TAMPA — It may be harder this year for people regain some of that home equity lost in the great housing crash of the mid-2000s.
That’s because home prices likely won’t grow at nearly the clip they did in 2013, Yale University economist Robert Shiller said Tuesday. Speaking to reporters Tuesday morning, Shiller said he expects modest home price appreciation in 2014, perhaps around 5 percent. However, he gave himself some wiggle room and said he wouldn’t be surprised if housing prices actually fell this year.
Overall, 2013 was a good year for Tampa-area homeowners, according to the latest S&P/Case-Shiller home price index, which attempts to track home prices over time. It’s considered more reliable than monthly Realtor reports, which can be skewed if a surprising number of high-priced or low-priced homes sell in a given month.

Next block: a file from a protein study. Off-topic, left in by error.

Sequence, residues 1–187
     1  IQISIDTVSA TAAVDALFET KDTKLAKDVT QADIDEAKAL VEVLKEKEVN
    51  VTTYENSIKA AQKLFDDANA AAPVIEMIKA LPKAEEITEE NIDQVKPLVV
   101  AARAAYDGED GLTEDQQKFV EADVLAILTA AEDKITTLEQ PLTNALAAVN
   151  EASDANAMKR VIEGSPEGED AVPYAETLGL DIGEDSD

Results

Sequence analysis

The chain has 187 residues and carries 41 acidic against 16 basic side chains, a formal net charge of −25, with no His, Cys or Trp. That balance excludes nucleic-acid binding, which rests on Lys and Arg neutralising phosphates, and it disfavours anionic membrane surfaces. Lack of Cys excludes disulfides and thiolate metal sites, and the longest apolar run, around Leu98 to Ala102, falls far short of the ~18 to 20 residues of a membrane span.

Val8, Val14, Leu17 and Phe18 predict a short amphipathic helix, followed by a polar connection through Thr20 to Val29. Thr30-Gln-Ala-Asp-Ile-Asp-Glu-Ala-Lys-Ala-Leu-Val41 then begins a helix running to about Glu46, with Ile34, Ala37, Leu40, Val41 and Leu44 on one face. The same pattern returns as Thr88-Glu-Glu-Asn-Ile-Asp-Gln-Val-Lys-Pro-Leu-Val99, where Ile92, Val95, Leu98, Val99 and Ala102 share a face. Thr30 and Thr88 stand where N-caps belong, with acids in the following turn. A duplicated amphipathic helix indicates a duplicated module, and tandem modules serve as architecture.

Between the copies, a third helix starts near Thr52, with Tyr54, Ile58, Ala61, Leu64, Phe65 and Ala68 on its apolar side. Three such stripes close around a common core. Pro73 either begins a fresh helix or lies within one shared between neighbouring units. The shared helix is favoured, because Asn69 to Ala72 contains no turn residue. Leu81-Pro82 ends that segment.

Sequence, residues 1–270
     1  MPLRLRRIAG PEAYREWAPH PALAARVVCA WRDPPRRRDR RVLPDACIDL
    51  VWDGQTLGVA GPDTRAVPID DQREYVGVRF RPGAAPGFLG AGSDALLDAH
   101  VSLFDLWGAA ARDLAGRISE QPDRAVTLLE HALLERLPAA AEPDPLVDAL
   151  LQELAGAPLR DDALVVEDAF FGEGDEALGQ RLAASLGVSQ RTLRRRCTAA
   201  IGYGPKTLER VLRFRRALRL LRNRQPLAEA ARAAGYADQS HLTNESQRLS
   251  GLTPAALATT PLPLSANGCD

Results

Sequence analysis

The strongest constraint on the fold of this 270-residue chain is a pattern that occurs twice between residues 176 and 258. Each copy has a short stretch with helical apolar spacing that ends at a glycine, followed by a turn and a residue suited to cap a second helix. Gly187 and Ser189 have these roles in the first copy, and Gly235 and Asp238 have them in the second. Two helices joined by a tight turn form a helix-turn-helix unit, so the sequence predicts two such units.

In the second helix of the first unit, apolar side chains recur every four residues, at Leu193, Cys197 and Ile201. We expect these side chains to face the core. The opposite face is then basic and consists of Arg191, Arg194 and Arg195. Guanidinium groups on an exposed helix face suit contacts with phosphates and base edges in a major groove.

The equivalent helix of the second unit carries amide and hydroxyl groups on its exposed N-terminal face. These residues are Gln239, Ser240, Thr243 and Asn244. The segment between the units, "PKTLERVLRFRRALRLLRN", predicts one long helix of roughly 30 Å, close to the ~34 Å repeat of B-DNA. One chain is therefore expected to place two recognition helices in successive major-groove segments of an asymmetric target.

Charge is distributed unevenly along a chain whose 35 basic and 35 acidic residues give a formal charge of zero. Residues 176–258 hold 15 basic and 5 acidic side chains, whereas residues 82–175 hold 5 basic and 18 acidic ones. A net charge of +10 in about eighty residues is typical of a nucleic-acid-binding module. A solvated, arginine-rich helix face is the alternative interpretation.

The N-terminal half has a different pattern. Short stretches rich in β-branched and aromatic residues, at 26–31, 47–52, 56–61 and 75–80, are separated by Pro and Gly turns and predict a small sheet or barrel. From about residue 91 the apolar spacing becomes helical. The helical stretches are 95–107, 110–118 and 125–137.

From November to December home prices in the Tampa area rose a slight 0.3 percent, which is actually better than most other cities in the S&P/Case-Shiller’s index of 20 cities around the country. Home prices in 14 of the 20 cities in the index were flat or lost ground. In the one-year period from December 2012 to this past December, Tampa-area housing prices rose 15.8 percent. That beats the 20-city index average of 13.4 percent.
Speaking nationally, Shiller said the housing market faces some obstacles that should cool it a bit in 2014. First, mortgage rates are up nearly 1 percentage point over the past year, even though they’re still historically low. Also, more people are looking to rent these days, and much of people’s exuberance for housing has worn off from the mid-2000s boom, he said.